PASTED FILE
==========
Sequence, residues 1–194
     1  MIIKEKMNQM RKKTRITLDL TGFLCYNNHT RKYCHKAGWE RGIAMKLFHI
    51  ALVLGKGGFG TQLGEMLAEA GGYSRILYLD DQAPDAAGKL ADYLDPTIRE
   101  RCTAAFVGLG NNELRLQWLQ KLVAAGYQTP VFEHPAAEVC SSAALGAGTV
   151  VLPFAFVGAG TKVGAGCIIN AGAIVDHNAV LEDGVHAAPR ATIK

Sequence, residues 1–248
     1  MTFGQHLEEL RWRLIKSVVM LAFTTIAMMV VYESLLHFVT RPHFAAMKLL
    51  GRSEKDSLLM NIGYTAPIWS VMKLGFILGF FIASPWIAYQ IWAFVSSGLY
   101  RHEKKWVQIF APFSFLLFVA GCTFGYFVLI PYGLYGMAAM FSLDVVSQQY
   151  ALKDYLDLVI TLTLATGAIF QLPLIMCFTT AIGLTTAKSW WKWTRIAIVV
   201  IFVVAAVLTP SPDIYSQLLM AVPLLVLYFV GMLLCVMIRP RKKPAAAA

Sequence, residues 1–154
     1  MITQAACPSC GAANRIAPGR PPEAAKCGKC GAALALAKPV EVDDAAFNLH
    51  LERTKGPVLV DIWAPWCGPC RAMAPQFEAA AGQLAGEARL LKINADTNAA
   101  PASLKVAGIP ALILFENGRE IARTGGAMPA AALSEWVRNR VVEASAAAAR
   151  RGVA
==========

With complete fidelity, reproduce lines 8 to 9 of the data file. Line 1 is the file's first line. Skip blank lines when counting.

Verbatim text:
    51  GRSEKDSLLM NIGYTAPIWS VMKLGFILGF FIASPWIAYQ IWAFVSSGLY
   101  RHEKKWVQIF APFSFLLFVA GCTFGYFVLI PYGLYGMAAM FSLDVVSQQY